@richardjgowers I think it depends on case to case, which is difficult to quantify. I tried to come up with rules based on one/two cases at hand, but a more exhaustive study needs to be performed. However, I think this should suffice for now. It already shows an improvement in time by a factor of 2-2.5 for large datasets, which is quite huge (from 70 secs to 25 secs for 10000 atoms in both groups)

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commented Aug 12, 2018

@ayushsuhane Ok here's some explanation of what I did:

I started working on RDF computations for a project investigating long-range correlations in ionic liquids, which involved systems comprising up to 350,000 ion pairs. The amount of RAM required to store a distance array then amounts to about 912.7 GB, which is slightly more than what is available on my laptop... 😉
The fact that memory requirements for RDF computations scale like O(N^2) quickly becomes a total showstopper, which IMHO is simply unacceptable. This is where the distance_histogram methods come into play:
In the methods I implemented, the calculated distances are never written to main memory and actually never leave the CPU cache. While this already makes the routine less memory bound, there is a much bigger advantage: Since most MD simulations employ PBC, the maximum distance considered for RDFs is half the box length, and therefore, only distances within that cut-off are of interest. In the distance_histogram method, the square of the distances is computed and checked to lie within the given range before taking square roots. This means that in a cubic, homogeneous system, one can save almost half of the square root evaluations.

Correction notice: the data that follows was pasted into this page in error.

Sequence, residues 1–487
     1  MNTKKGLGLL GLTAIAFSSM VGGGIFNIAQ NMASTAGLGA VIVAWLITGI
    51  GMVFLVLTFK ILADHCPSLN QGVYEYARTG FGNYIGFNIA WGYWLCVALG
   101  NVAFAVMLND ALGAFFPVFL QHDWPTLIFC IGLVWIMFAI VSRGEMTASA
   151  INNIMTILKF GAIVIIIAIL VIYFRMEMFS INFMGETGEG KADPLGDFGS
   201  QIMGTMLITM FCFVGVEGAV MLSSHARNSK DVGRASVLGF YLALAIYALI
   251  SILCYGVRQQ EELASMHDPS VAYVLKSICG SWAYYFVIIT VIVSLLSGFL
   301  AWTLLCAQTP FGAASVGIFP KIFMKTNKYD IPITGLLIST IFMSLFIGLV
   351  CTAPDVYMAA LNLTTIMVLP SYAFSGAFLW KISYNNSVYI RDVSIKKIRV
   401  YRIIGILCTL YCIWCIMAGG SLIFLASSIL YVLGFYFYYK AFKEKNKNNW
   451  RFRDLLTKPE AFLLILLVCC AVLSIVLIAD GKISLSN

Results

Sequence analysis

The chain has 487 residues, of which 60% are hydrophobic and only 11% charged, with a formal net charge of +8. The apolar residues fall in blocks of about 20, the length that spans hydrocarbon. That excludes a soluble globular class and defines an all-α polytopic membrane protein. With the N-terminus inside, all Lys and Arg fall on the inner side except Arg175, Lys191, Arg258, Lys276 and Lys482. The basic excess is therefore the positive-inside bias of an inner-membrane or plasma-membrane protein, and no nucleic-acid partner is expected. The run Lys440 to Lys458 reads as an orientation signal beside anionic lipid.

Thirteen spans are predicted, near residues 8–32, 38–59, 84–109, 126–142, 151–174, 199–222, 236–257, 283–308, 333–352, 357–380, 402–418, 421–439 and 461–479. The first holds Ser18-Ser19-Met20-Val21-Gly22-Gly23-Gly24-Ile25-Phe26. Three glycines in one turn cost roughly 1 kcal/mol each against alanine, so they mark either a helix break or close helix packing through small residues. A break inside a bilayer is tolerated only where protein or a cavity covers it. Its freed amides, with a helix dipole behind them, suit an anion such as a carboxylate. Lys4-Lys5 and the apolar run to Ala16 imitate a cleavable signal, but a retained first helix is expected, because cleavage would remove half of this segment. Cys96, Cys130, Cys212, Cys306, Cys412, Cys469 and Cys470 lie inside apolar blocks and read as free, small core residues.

Further improvements are:

  • Coordinate memory layout is changed (That's only O(N)) so that atom coordinates can be processed in blocks of 32 particles, allowing exploitation of SIMD acceleration (SSE/AVX units up to AVX1024)
  • Cache line optimization (so far only for 64 byte cache line size)
  • Memory locality (make the most out of what's already in the CPU cache)
  • Prevention of false sharing (when using OpenMP)
  • Faster vectorized minimum image computations

The last point is exactly what is implemented in minimum_image_ortho_lazy. It's called lazy because the routine assumes that distances can never exceed 1.5 times the box length. This is ensured by packing all coordinates in the box prior to RDF computation (again, that's only O(N)).